Every year brings unique and sometimes wacky new workplace initiatives. 2018 brought us examples such as such as implanting RFID microchips in employees or only allowing them to expense vegetarian food, but there are also important trends that you might see arriving in your workplace in 2019. Some of the more creative initiatives we have seen are Vermont offering a $10,000 incentive for remote workers to move there, and an insurance firm in New Zealand conducting an academically rigorous trial of a 4-day work week with great success.
From welcoming a new generation into the workforce to understanding how your company collects data about you, these are the 5 biggest workplace trends that you’ll see as we move into 2019:
In this opinion piece, researchers Amy Lui Abel and Diane Lim of The Conference Board explain why demographic and economic trends provide an opportunity for older women to expand their role in the labor market. Several female-dominated occupations — especially in health care services — face shortages that will only grow. But given the unique needs and circumstances of older women, realizing their full economic contribution will hinge on employers providing them with more flexible work environments. If companies do this, the greying of America could become an opportunity rather than a threat.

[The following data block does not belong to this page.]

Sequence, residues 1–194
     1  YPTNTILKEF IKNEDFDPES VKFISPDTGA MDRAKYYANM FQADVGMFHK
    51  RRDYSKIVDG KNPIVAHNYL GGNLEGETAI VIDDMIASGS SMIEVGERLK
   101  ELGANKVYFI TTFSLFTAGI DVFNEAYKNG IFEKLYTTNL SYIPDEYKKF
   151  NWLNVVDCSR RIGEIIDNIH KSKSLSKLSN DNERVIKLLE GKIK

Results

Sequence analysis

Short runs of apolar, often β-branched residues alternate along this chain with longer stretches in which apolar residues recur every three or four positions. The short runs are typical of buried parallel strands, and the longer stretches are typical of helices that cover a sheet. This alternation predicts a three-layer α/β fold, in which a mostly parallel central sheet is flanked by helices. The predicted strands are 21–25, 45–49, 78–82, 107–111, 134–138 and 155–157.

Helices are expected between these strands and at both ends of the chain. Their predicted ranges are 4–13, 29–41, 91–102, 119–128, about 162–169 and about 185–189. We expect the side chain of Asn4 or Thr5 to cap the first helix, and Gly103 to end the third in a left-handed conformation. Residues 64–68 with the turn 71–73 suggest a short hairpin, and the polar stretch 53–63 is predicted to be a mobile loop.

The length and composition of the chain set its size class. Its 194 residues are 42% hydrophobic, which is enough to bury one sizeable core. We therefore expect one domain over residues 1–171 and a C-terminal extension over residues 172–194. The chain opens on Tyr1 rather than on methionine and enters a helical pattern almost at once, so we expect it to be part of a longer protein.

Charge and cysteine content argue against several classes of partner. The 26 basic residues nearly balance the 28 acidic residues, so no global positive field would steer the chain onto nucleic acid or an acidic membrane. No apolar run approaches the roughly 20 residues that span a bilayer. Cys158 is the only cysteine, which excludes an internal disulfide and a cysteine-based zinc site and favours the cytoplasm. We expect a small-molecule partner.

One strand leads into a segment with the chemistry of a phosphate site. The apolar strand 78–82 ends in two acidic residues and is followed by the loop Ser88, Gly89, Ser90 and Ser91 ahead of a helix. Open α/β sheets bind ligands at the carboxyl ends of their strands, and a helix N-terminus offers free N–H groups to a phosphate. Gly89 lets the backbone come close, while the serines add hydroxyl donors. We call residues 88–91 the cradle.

Over the next decade America’s tight labor market will continue making headlines. The fundamental reason stems from retiring Baby Boomers outpacing the number of younger workers entering the workforce.
To help the country’s labor supply better meet demand, keeping the present workforce engaged in work would go a long way. Retaining every cohort matters. But U.S. businesses should put particular focus on retaining older women. Now and even more so in the future, increasing their participation would create substantial economic opportunity. To realize that opportunity, more companies should consider making flexible work arrangements a staple of their employee recruitment and engagement strategy.